United Hatzalah volunteers from Israel in Surfside, Fla. on July 8, 2021. (United Hatzalah) (United Hatzalah)
United Hatzalah Florida

“Israelis want to be there for Jewish communities, and mutual obligation to each other remains an important value for the Jewish people.”

By Pesach Benson, United With Israel

In a new development in Israel-Diaspora relations, a Jewish Agency poll found that Israelis feel they can offer Jewish communities around the world help in fighting antisemitism and terror, as well as assisting in disaster relief, and many felt a strong sense of responsibility to do so.

What does Israel have to offer Diaspora Jewish communities? That’s the question the Jewish Agency’s JReady Jewish emergency network put to Jewish Israelis. The poll was conducted on iPanel.

Eighty-three percent of the respondents said Israel is most knowledgeable about battling terror and antisemitism.

Disaster relief was another common answer, including dealing with earthquakes (65%), responding to large-scale fires (39%) and coping with flooding (30%).

Thirty-eight percent suggested assisting Diaspora Jews in fighting the global COVID-19 pandemic.

Sixty percent of Israelis also expressed a sense of duty and obligation to assist Jews abroad in crisis situations, while 67% said they were ready to volunteer and help Diaspora communities in emergency situations.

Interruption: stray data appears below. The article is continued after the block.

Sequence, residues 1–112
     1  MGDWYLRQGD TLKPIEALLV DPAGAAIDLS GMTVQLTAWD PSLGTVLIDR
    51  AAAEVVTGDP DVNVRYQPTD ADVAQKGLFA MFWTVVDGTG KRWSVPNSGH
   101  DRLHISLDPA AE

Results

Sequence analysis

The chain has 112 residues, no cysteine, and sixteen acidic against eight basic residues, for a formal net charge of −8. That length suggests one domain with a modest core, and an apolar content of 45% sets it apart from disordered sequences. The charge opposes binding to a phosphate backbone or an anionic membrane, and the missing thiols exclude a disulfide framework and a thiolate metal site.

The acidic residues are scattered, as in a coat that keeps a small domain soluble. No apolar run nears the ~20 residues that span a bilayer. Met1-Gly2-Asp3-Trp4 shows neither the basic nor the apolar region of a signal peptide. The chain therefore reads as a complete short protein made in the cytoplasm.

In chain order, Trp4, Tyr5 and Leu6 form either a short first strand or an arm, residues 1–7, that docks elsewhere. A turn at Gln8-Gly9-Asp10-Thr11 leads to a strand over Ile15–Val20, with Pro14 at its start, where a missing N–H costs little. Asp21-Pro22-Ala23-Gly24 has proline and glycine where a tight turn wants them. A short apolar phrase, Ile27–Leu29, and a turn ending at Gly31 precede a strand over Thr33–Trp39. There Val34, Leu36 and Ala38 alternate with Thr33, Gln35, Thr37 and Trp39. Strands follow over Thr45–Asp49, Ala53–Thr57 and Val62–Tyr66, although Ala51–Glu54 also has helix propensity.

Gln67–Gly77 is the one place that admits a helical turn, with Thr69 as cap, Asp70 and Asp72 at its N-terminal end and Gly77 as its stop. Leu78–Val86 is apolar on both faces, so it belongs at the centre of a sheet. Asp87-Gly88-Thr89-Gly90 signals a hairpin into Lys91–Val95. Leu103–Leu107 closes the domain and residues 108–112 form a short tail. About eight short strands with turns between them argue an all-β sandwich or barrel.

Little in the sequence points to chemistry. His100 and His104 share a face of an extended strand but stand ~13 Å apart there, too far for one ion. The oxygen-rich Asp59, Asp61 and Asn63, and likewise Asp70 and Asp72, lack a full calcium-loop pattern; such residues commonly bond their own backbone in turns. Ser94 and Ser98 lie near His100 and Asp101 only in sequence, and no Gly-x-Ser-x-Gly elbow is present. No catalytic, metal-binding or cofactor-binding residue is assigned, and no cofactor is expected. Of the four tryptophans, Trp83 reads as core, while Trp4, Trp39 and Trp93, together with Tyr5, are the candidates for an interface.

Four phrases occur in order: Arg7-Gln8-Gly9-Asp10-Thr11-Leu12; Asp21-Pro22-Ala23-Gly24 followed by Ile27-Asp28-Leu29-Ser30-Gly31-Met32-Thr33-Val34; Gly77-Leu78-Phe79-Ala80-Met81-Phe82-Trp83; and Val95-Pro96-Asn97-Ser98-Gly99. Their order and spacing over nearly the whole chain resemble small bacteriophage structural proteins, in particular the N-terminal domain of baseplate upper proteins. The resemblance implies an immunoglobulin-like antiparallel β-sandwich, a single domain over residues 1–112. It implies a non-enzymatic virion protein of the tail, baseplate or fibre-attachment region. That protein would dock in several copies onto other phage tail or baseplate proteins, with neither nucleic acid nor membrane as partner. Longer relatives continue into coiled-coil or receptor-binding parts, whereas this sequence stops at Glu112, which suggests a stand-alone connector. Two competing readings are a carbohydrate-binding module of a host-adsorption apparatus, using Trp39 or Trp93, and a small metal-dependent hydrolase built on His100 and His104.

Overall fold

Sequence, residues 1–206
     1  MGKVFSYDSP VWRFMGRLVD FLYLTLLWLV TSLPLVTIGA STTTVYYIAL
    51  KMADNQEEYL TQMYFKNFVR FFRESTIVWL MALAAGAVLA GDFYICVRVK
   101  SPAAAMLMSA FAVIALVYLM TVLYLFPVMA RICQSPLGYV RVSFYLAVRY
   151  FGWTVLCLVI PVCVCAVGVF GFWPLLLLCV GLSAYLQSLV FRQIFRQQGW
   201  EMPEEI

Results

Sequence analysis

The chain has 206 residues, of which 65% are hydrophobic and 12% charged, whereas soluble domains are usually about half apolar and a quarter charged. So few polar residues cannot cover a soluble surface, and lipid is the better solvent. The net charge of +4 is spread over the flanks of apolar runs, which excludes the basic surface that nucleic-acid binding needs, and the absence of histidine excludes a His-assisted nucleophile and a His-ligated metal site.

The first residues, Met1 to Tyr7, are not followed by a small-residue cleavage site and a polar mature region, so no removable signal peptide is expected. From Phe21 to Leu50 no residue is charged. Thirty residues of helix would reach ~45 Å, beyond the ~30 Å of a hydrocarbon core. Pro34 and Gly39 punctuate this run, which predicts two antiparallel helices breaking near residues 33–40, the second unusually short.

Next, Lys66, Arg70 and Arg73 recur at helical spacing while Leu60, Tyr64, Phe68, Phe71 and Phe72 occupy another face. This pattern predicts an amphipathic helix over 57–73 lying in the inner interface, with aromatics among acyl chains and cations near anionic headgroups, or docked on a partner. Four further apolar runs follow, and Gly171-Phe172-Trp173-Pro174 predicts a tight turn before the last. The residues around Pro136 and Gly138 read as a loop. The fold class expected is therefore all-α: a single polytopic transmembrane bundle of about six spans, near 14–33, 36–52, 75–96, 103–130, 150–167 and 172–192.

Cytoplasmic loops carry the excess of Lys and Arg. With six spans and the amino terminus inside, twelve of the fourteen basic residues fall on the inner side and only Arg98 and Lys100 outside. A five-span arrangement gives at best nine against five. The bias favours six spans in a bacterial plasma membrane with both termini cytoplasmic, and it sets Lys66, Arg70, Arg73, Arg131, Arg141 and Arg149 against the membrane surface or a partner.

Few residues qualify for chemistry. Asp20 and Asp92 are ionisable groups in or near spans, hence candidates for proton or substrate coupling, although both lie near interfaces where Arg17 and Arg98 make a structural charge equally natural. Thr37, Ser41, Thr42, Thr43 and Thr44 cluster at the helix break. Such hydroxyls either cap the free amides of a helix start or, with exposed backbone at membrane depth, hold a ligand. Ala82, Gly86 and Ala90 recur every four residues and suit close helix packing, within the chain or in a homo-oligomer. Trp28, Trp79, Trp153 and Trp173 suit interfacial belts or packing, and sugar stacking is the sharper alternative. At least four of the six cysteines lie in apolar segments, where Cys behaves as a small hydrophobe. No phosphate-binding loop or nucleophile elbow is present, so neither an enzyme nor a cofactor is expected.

Israel has been at the forefront of international relief efforts in far-flung locations like Ecuador, Nepal, and Albania.

But the humanitarian assistance took on a deeper meaning in June with the collapse of Miami’s Surfside condominium complex in June. A significant number of the 98 fatalities were Jews. The Israeli consulate in Miami sprang into action.

Israel sent a delegation of IDF rescue workers and United Hatzalah’s psychotrauma and crisis response unit. Prime Minister Naftali Bennett also dispatched Diaspora Affairs Minister Nachman Shai to Florida to meet with local Jews report back to Jerusalem on their needs.

“Israelis want to be there for Jewish communities, and mutual obligation to each other remains an important value for the Jewish people,” said JReady chairwoman Ayelet Nahmias-Verbin.

Full details of the survey will be released on Thursday, when JReady marks its first anniversary of activities.